The Video Graphics Array connector (also known as VGA) is an accepted standard connector widely used for computer video input. Originating from the 1987 IBM PS/2 desktop computer and its 15-pin interface, the VGA has gone on to become incredibly ubiquitous on computers, projectors and even high definition television sets. The majority of modern home entertainment systems and gaming consoles include a VGA output with the installation of a video card. While there are a few exceptions, this is the majority of computers and most TV sets will also have a VGA output to connect to a VGA video adapter.
The main attraction of the VGA is that it provides a compact way to connect and transfer images between machines (PCs and other devices). As a result, all modern computers and most television displays should have a VGA connection. Though not extremely popular, the VGA has grown to be one of the most popular computer connections, largely due to its portability and easy setup. Connecting a VGA to a computer is usually achieved through a video adapter, a kind of bridge that transfers the analog signals of a VGA signal or frame to a digital computer display. The analog signal is first converted into a digital format, compressed and sent over a physical connection to the graphics array (the next step is to change the video format, which is done through the use of a video card or a USB connectable device).
With an analog VGA, all that is needed is to have an analog VGA monitor, which can be purchased for relatively low cost. Because of this low cost, a VGA is the standard graphics interface to a vast majority of computers. One advantage of a VGA connection is that it can be used with an analog projector whereas a parallel port cannot. Another advantage is that VGA has an excellent response time and is able to display graphics and animation at full resolution and quality. A drawback to VGA is that it has limited compatibility with other hardware components like sound cards or printers.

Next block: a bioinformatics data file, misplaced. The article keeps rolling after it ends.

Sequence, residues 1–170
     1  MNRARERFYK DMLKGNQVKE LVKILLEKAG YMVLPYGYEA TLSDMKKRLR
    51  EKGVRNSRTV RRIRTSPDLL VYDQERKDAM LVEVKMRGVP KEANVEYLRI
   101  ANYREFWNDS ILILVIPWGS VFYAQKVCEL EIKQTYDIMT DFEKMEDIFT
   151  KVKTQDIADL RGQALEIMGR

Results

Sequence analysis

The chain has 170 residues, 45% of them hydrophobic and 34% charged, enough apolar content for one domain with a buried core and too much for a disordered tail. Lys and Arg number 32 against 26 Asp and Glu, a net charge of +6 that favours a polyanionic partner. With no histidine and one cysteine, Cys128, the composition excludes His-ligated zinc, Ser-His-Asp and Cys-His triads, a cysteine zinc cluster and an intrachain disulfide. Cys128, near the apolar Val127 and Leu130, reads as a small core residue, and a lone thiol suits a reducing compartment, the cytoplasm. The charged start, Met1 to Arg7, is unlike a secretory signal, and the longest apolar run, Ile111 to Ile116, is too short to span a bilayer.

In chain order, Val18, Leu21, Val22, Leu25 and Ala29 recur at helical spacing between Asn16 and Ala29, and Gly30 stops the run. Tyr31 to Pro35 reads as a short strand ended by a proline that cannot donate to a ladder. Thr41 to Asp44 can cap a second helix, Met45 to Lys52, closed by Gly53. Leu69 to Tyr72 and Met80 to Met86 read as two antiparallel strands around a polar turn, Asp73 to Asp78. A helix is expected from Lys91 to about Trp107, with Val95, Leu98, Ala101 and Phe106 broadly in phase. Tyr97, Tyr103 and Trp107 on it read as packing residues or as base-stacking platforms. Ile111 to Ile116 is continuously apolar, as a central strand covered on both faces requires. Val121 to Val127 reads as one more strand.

VGA connectors are widely used in conjunction with other video cards and cables. There are two different kinds of video cards in use today, namely, PCI and AGP. PCI is used extensively in notebook computers due to its cheap price and long life span. AGP cards are used more in server computers, where they are more expensive and provide a better performance. A VGA video card and cable will usually be required to connect a VGA monitor to a PCI or AGP board.
DVI is another type of VGA connection that has become popular in recent years. DVI uses a digital interface and is commonly found in HDTVs and other digital devices. DVI also has its own protocol, though DVI-D is becoming less widely found as the prices of DVI-D interface cards decrease. Most modern computers will accept both types of VGA connections. It is important that when using VGA that the video card and cables have been unplugged from the computer prior to connecting the monitor to VGA.
Not all computers have a DVI port. A majority of computers are built with SVGA (store-in-memory) or parallel port, which operates at a higher bandwidth than DVI. DVI is generally found on laptops and netbooks. Both of these formats are commonly referred to as digital video extensions or sometimes as digital video frames. DVI and SVGA are typically found on computers that support both high-resolution LCD and CRT monitors.